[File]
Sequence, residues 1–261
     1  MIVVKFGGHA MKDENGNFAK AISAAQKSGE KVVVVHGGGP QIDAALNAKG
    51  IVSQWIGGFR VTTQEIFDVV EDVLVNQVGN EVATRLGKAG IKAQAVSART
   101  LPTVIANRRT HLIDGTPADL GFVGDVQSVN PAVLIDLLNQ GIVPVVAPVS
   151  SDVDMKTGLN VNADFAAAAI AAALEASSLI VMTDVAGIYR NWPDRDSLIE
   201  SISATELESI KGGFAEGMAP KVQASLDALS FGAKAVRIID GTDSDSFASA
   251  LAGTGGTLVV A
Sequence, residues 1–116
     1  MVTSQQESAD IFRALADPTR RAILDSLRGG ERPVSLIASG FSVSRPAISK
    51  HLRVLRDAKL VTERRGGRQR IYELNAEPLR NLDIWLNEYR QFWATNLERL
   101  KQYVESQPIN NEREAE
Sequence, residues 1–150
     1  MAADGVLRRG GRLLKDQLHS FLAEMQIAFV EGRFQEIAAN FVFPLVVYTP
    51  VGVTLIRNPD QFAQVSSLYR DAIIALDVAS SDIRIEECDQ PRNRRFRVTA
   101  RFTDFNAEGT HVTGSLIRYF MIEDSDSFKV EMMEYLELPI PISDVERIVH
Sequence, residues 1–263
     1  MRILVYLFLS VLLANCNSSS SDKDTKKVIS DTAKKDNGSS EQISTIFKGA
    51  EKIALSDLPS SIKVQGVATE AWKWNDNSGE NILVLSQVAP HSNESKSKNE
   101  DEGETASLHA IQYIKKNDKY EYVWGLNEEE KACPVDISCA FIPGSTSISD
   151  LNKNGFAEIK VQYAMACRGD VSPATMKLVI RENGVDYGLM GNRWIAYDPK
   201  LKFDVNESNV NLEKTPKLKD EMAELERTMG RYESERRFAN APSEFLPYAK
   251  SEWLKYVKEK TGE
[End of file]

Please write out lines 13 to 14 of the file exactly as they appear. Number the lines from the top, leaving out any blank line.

     1  MAADGVLRRG GRLLKDQLHS FLAEMQIAFV EGRFQEIAAN FVFPLVVYTP
    51  VGVTLIRNPD QFAQVSSLYR DAIIALDVAS SDIRIEECDQ PRNRRFRVTA